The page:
Premises include the buildings and rooms involved in food preparation and storage. They must be kept clean and in good condition and the design must provide suitable space for working and maintaining hygienic practices, prevent build-up of dirt and mould, and provide suitable conditions for handling and storage of food.
The premises should provide adequate:
The design of rooms must allow good food hygiene practices and processes, including protection from contamination during food preparation processes and prevention of cross contamination. Food safety legislation has specific requirements for the food preparation area relating to the condition and design of:
All equipment that comes into contact with food must be made of appropriate materials, kept in good condition, cleaned effectively, and fitted appropriately to allow cleaning around it.
Staff working in food handling areas must keep good personal hygiene and be aware of practices and factors that can cause contamination of food and cross contamination. There may be a legal requirement for staff training, such as with the US Food Safety Modernisation Act.
Personal hygiene factors to prevent the contamination of food with bacteria, viruses or parasites passed on by staff include:
All raw materials and ingredients used and any material used in processing products must be safe and not contaminated with anything that would make the final product unfit for human consumption.
Storage, processing and distribution systems must protect food from contamination and cross contamination that makes it harmful to health or makes it become unfit to be eaten. This includes pest control, pet control and having processes and procedures that limit bacterial levels to within specified criteria.
Cross contamination is the transfer of harmful bacteria or viruses onto food from contaminated surfaces, hands, equipment or other food such as raw meat.
How to prevent the cross contamination of food:
The temperature of food and the time taken to reach it may be specified for the various stages of preparation. This can include, for example, storage before preparation, storage and display after preparation, when food is served hot, when food is served cold after cooking, and when reheating food.
Defrosting has risks of bacterial growth and development of toxins while food is warming up and during storage afterwards. Some foods such as meat give off liquids when defrosting that can drip onto and contaminate other food and surfaces. It is important to follow the guidelines for the control of temperature at each stage.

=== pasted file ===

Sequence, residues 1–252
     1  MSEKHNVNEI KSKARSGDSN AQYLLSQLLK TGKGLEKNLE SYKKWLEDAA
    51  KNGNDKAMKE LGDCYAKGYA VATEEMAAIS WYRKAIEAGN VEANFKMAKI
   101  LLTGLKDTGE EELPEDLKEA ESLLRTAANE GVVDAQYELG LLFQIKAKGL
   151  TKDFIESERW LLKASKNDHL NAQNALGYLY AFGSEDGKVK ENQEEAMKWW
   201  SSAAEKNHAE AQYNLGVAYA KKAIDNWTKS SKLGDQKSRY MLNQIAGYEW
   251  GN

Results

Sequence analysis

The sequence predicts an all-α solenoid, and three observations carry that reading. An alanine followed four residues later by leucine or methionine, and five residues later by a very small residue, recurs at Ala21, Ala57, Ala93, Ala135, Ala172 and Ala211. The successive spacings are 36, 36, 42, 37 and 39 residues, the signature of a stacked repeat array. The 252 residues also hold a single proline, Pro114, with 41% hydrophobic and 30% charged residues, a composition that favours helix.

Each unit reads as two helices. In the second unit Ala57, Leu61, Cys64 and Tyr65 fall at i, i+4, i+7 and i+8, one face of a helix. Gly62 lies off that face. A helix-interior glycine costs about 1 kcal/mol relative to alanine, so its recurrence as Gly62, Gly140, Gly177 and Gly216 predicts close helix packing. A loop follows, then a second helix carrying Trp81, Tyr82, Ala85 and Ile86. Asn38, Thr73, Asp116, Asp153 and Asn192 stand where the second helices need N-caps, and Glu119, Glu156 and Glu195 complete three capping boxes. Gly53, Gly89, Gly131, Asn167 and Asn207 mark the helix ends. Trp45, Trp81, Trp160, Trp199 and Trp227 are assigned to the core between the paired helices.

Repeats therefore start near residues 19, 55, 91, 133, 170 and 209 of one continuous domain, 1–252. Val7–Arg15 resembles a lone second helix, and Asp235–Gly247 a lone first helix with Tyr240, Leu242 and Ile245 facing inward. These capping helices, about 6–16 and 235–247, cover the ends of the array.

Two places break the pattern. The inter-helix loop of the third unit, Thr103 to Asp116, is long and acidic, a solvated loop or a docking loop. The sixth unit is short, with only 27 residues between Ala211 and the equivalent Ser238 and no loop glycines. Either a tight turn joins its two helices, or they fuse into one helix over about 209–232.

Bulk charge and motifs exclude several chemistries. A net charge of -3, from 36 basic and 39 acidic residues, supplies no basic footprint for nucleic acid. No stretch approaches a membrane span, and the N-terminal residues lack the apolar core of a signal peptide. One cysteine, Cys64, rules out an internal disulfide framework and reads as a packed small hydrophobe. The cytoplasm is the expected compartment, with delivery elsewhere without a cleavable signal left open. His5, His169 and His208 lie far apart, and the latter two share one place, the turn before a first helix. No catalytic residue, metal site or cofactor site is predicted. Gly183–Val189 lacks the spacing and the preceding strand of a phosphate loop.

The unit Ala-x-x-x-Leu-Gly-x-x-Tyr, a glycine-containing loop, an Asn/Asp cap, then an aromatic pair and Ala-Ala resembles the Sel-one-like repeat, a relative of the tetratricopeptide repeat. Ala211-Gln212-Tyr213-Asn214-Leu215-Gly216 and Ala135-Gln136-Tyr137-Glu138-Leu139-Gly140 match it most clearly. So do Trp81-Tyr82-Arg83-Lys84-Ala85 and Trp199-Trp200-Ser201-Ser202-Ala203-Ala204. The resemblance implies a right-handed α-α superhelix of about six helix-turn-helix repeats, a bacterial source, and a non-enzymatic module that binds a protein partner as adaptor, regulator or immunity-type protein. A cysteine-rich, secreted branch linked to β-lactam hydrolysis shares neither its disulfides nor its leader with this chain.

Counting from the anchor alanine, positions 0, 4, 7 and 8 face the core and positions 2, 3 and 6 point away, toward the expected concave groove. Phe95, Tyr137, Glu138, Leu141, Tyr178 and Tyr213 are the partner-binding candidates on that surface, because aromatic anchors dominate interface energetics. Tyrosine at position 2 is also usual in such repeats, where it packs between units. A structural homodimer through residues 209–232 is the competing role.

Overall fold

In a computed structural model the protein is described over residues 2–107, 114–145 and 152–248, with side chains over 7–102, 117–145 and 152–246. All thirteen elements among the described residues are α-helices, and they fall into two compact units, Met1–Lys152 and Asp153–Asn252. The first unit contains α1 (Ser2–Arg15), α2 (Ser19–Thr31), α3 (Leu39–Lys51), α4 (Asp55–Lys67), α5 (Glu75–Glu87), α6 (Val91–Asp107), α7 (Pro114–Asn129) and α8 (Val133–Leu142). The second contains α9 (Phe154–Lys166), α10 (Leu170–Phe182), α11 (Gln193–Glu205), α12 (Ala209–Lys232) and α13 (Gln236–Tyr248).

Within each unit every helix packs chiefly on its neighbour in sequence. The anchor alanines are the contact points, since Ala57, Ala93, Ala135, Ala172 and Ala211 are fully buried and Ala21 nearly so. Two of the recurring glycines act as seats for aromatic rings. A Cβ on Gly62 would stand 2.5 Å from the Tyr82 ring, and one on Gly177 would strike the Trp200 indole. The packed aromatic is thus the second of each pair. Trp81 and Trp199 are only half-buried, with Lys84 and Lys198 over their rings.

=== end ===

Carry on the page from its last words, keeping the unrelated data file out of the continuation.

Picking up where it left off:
The materials used for packaging and wrapping must be stored in a way that prevents contamination and be suitable for coming into contact with food. The procedures for wrapping and packaging must ensure that there is no contamination of the food.
There must be adequate measures to prevent pests from contaminating food both in storage and preparation. This includes:
Small businesses are more likely to have pets in the building, including feral cats. There must also be measures to prevent contamination of food by pets.
Food waste must be removed from the food preparation area as soon as possible and stored in containers that are suitable for waste disposal services to handle. The containers must be designed to be easy to clean, prevent contamination, prevent access to pests and kept in good condition. Waste disposal must also comply with hygiene and environmental regulations.
Staff handling food must be instructed or trained in food hygiene so they have an understanding of the requirements for their work.
Vehicles and containers used to transport food must meet the same standards of hygiene, good condition, protection from contamination, and storage at suitable temperature. They must be kept clean and maintained in good condition.
Slips and trips are the most common cause of major injury in workplaces and commercial kitchens. It is the responsibility of the employer to ensure the safety of staff, visitors and the public by taking adequate precautions.
This can involve staff training, ensuring the use of safe practices and proper cleaning and maintenance. Different floor materials have different levels of risk and require different cleaning and maintenance practices. Practices for preventing slips are also closely related to general food hygiene practices:
The UK HSE has produced a series of guides on avoiding slips in commercial kitchens.
Injury from knives is common in the food preparation sector. The law requires businesses to take reasonable measures to ensure the safety of employees. This includes:
According to the UK Health and Safety Executive work-related dermatitis in one of the main causes of illness for chefs, cooks and catering assistants. It affects businesses that handle a lot of food where staff have to wash hands frequently to meet food safety laws, do cleaning tasks and wash kitchen equipment and utensils.
Practices that prevent dermatitis are also good food safety practices: